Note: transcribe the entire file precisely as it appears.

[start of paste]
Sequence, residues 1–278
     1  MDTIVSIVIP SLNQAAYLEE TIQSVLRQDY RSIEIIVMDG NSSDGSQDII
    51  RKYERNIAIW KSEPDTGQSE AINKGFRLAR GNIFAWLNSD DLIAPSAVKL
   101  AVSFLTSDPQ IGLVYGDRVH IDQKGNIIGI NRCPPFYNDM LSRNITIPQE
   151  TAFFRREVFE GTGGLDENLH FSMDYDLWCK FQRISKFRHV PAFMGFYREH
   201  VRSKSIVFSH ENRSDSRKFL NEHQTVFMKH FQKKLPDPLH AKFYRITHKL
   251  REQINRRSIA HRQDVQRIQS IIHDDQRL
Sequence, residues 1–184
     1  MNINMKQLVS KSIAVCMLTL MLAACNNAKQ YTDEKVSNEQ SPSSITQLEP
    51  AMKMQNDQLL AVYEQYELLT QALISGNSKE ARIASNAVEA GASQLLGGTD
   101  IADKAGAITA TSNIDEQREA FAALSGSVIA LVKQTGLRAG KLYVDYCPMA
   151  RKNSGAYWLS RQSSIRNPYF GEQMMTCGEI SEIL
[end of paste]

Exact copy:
Sequence, residues 1–278
     1  MDTIVSIVIP SLNQAAYLEE TIQSVLRQDY RSIEIIVMDG NSSDGSQDII
    51  RKYERNIAIW KSEPDTGQSE AINKGFRLAR GNIFAWLNSD DLIAPSAVKL
   101  AVSFLTSDPQ IGLVYGDRVH IDQKGNIIGI NRCPPFYNDM LSRNITIPQE
   151  TAFFRREVFE GTGGLDENLH FSMDYDLWCK FQRISKFRHV PAFMGFYREH
   201  VRSKSIVFSH ENRSDSRKFL NEHQTVFMKH FQKKLPDPLH AKFYRITHKL
   251  REQINRRSIA HRQDVQRIQS IIHDDQRL
Sequence, residues 1–184
     1  MNINMKQLVS KSIAVCMLTL MLAACNNAKQ YTDEKVSNEQ SPSSITQLEP
    51  AMKMQNDQLL AVYEQYELLT QALISGNSKE ARIASNAVEA GASQLLGGTD
   101  IADKAGAITA TSNIDEQREA FAALSGSVIA LVKQTGLRAG KLYVDYCPMA
   151  RKNSGAYWLS RQSSIRNPYF GEQMMTCGEI SEIL